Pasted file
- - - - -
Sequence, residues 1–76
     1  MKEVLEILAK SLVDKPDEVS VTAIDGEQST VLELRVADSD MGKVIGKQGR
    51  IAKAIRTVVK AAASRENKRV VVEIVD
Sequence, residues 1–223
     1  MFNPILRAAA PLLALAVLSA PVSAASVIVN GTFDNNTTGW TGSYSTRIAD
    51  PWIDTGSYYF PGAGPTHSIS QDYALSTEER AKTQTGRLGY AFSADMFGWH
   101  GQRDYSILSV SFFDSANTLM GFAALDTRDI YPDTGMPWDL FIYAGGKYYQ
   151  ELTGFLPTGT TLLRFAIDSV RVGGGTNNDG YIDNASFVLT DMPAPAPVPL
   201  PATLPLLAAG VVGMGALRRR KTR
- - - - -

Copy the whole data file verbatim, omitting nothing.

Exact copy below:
Sequence, residues 1–76
     1  MKEVLEILAK SLVDKPDEVS VTAIDGEQST VLELRVADSD MGKVIGKQGR
    51  IAKAIRTVVK AAASRENKRV VVEIVD
Sequence, residues 1–223
     1  MFNPILRAAA PLLALAVLSA PVSAASVIVN GTFDNNTTGW TGSYSTRIAD
    51  PWIDTGSYYF PGAGPTHSIS QDYALSTEER AKTQTGRLGY AFSADMFGWH
   101  GQRDYSILSV SFFDSANTLM GFAALDTRDI YPDTGMPWDL FIYAGGKYYQ
   151  ELTGFLPTGT TLLRFAIDSV RVGGGTNNDG YIDNASFVLT DMPAPAPVPL
   201  PATLPLLAAG VVGMGALRRR KTR